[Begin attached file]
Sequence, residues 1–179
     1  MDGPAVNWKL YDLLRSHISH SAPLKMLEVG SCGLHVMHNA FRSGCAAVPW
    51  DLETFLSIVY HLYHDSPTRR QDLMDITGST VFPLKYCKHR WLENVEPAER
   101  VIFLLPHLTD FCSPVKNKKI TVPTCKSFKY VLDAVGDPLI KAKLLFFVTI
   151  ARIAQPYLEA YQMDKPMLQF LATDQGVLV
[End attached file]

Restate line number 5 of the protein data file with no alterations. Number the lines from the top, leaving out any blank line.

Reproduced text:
   151  ARIAQPYLEA YQMDKPMLQF LATDQGVLV